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Cali Owings, Published June 08 2013

Lutheran organization encourages churches to welcome gay members

MOORHEAD – While the Northwest Minnesota Synod of the Evangelical Lutheran Church in America convenes here for its annual assembly, the Rev. Anita Hill is talking with congregations about opening their doors to lesbian, gay, bisexual and transgender Lutherans.

The St. Paul-based pastor is the regional director for Reconciling Works, a Lutheran advocacy organization that pushes for the full inclusion of LGBT members in the faith.

The group maintains a roster of “Reconciling in Christ” ministries, congregations and synods that “publicly welcome lesbian, gay, bisexual and transgender believers.”

Today, Hill will present the Family of God Lutheran Church in East Grand Forks, with a certificate of recognition as a Reconciling in Christ congregation – the first in the Northwest Minnesota Synod.

On the west side of the Red River, there are two Reconciling in Christ congregations, St. Mark’s Lutheran Church and the University Lutheran Center at North Dakota State University, both in Fargo.

The Eastern North Dakota Synod of the ELCA – which covers Devils Lake, Grafton, Carrington, Grand Forks, Mayville, Jamestown, Wahpeton and Fargo – was the first synod nationwide given the Reconciling with Christ designation. It oversees more than 200 congregations.

The designation doesn’t mean that all of the synod’s congregations are accepting of LGBT members. It “encourages the congregations to explore what it would mean to be welcoming,” Hill said.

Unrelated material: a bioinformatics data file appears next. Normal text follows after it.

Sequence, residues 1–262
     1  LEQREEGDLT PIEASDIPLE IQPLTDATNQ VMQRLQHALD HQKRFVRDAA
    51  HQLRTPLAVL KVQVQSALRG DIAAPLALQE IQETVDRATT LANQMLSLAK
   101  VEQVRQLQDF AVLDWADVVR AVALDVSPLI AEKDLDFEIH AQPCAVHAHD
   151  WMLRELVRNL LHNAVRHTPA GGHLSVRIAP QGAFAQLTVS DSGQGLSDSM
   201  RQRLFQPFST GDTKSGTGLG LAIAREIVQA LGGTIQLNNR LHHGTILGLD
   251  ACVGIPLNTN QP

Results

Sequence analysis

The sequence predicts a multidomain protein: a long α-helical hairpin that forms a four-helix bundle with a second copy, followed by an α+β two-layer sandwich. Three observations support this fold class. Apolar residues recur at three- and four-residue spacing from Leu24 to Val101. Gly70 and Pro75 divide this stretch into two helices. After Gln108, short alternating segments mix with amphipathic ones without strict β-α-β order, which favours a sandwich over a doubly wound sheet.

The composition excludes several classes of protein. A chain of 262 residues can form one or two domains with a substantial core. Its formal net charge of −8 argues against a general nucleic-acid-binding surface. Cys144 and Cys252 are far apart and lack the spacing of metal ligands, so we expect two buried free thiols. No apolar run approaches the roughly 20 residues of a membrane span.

The Eastern North Dakota Synod surprised many when it became a Reconciling with Christ synod in the late ’80s, said the Rev. Lloyd Heroff and his wife, Doris.

“We were shocked because it was eastern North Dakota and everybody expected this to happen on the coast,” Doris Heroff said.

The pair was attending the synod’s annual meeting at the Civic Center in Fargo. During the first day, they noticed a few resolutions weren’t welcoming to LGBT people.

At home that night, they drafted their own proposal of welcoming based on Reconciling Works brochures.

To their surprise, it passed overwhelmingly the next day.

“Eastern North Dakota was small enough that people knew GLBT people or families … and they value family,” Doris Heroff said. “By appealing to their good sense and generosity and putting things in a positive light, they responded.”

Synods in Chicago, Washington, D.C., and Los Angeles followed shortly after.

“The irony is everyone was kind of looking to those places to take the lead,” Lloyd Heroff said.

Since then, the ELCA has grown more inclusive. In 2009, the church decided it would ordain LGBT members. The first openly gay bishop was elected in the Southwest Pacific Synod on May 31.

Now a pastor in Herman, Minn., Heroff is attending the Northwest Minnesota Synod assembly this weekend.

A church meeting in the ’80s with Hill and Emily Eastwood, another activist, prompted him to go public with his stance on LGBT issues.

“I pledged to them I would never allow myself to be silent again,” he said.


Readers can reach Forum reporter Cali Owings at (701) 241-5599